I’m currently taking some teacher training courses and we were asked to think about and evaluate different teaching methods.
I thought I would think back and compare the different teaching methods I have come across as a student, so I started thinking about my experiences; they cover three different universities and two countries, and so many years I don’t care to mention.
I gained my first degree, a BA degree, in UCL (University College London), and spent three years in London studying linguistics. We had large lecture groups, but these were then divided up into smaller groups of 6 to 8 students that would meet up with a teacher once a week in addition to the lecture. The smaller group meetings were discussion groups, and I found them very useful. We would go over the assignment and discuss any issues: this facilitated understanding and learning. There was no sense of urgency; rather, I felt that learning was at the heart of it. In addition to this, the teachers were also easily available, even offered you a cup of tea when you went to see them (a nice little touch, I think, makes the student feel welcome). They took the time to get to know you; the interaction was casual and supportive. I know this is partly a wider cultural issue, but there is something here the teachers in Finland could learn from…Course work was based on essays, for which we read academic articles (not books) and learned analytical thinking. We learned to write and argue. I small groups, we learned to discuss things.
This having been said, the culture shock I experienced when I took up my MA studies at the Helsinki University in Finland is easy to understand: there was far, far less teacher-student interaction, personal guidance or one-on-one instruction. Instead, we had huge mass lectures and a book exam at the end of it. Not facilitating learning, but knowing by heart, only to be forgotten once the exam is over. I got the sense of efficiency (not good!), that the students were hurried along and pushed out of the university. There seemed (and still seems) to be no interest in the time spent while at university, from the teaching point of view, or from the government point of view, or judging from the general discourse. It was all about calculating study points and hurrying up to get a job. The time at uni was (and this is still the case in the current climate…even more so, I’d say) seen as a necessary evil on the road to getting a job, to becoming a taxpayer. This is not irrelevant: how does learning take place under this kind of atmosphere? When learning itself is not valued, but seen as instrumental?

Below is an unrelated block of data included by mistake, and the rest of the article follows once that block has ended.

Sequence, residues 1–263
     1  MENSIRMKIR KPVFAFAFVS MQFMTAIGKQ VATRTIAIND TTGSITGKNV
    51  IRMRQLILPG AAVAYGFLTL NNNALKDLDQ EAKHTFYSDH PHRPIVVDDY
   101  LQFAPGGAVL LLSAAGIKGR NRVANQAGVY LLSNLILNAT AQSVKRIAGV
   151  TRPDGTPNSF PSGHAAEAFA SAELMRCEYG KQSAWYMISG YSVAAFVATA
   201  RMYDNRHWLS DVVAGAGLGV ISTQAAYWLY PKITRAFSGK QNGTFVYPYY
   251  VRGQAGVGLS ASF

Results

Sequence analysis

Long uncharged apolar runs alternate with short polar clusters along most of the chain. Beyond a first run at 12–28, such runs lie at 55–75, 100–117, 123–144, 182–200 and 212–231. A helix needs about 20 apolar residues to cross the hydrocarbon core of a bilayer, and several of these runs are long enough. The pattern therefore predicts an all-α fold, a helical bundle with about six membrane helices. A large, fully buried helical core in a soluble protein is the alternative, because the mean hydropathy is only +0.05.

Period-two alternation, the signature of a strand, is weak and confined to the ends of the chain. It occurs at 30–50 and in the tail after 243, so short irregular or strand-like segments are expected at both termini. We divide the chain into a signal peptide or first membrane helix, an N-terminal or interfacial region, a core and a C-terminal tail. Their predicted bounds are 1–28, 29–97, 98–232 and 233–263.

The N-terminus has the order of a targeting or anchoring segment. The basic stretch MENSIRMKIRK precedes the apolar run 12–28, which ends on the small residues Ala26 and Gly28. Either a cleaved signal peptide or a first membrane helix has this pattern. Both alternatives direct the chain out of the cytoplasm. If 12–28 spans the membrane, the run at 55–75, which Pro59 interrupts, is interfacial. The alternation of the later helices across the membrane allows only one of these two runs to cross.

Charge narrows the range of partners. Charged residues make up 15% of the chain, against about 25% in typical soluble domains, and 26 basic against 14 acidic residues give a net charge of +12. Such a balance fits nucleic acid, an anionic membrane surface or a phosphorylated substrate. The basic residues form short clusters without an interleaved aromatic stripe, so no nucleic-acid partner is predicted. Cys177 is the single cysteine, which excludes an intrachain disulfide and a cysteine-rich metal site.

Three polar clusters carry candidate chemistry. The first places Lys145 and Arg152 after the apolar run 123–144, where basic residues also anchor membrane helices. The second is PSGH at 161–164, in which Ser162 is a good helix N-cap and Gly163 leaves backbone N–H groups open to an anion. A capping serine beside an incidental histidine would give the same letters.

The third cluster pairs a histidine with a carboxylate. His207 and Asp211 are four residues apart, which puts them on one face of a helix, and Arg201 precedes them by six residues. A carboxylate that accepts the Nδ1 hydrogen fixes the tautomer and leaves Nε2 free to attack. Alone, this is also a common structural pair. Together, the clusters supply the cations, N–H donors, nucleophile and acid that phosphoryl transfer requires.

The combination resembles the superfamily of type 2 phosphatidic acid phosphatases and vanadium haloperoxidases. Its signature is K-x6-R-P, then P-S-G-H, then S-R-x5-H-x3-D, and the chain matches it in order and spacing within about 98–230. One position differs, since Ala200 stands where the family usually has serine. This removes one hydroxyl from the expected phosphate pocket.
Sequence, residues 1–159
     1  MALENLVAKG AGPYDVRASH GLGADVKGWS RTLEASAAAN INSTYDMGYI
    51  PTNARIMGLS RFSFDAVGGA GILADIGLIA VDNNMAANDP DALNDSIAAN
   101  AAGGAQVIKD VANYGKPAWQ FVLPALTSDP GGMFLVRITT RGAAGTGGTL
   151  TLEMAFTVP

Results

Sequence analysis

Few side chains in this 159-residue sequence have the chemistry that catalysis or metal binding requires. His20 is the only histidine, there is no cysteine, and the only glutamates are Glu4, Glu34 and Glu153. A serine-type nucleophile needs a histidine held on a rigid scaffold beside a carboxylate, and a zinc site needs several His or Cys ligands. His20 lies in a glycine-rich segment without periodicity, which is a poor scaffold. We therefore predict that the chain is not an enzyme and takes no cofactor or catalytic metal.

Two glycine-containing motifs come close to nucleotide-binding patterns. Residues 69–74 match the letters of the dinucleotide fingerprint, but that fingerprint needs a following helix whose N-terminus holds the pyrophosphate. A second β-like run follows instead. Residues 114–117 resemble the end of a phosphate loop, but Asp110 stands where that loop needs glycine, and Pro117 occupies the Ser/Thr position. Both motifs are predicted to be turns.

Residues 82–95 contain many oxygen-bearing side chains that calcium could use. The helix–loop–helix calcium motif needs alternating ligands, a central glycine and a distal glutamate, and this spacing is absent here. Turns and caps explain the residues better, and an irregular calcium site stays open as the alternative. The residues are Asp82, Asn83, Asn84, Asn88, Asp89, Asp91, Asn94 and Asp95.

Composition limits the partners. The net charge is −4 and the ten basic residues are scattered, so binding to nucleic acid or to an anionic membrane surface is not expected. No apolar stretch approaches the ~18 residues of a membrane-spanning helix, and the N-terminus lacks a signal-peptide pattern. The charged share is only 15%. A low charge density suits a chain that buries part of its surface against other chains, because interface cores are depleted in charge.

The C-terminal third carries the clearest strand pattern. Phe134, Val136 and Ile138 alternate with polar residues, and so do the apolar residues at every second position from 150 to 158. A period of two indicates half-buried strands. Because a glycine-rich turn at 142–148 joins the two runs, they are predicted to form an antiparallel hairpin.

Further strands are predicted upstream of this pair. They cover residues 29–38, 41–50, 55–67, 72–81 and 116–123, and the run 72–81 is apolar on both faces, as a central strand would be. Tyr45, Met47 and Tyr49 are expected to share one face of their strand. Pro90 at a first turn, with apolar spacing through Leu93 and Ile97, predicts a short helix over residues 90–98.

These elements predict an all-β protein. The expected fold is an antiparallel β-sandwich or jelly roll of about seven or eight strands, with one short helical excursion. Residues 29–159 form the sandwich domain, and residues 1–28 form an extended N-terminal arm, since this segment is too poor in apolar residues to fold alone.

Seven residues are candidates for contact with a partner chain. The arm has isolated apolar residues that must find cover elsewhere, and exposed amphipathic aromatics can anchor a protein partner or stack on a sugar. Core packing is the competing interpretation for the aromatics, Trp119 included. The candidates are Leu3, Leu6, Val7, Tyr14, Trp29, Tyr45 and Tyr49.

Now at Aalto University, and I have only ever been a doctoral student or a teacher here, the teaching has also been somewhat different. The courses I have taken are doctoral courses, usually quite small, and have the possibility for more interaction. The course I teach ended up having more students than originally planned. We had planned for small groups and interactive group work, but having so many students the timetable didn’t allow as much of this as we wanted, and it ended up difficult to manage. However, we did emphasise practical work (creating blogs, tweeting, drawing up marketing campaigns, for example) along with academic writing. We also had the student present their work in groups, something they all seemed to enjoy. Yet, there wasn’t as much interaction as there could be: this is partly due to the fact that the students are not used to it. Ask them a question in class, and most of them remain silent. We had hoped for more lively discussions. Perhaps with the help of this pedagogical course and the fresh ideas it offers us we will be able to manage small group discussions by allocating more time for it, possibly by reducing lecturing time. There are many ways to learn.
All in all, in my opinion the amount and quality of interaction matters, be it between students and teachers, or among students. Discussing issues and newly learned things, debating and arguing about them in a social, communal setting facilitates learning and increases understanding. Reading a book at home alone in preparation for a book exam is a practice I wish would be abandoned at universities.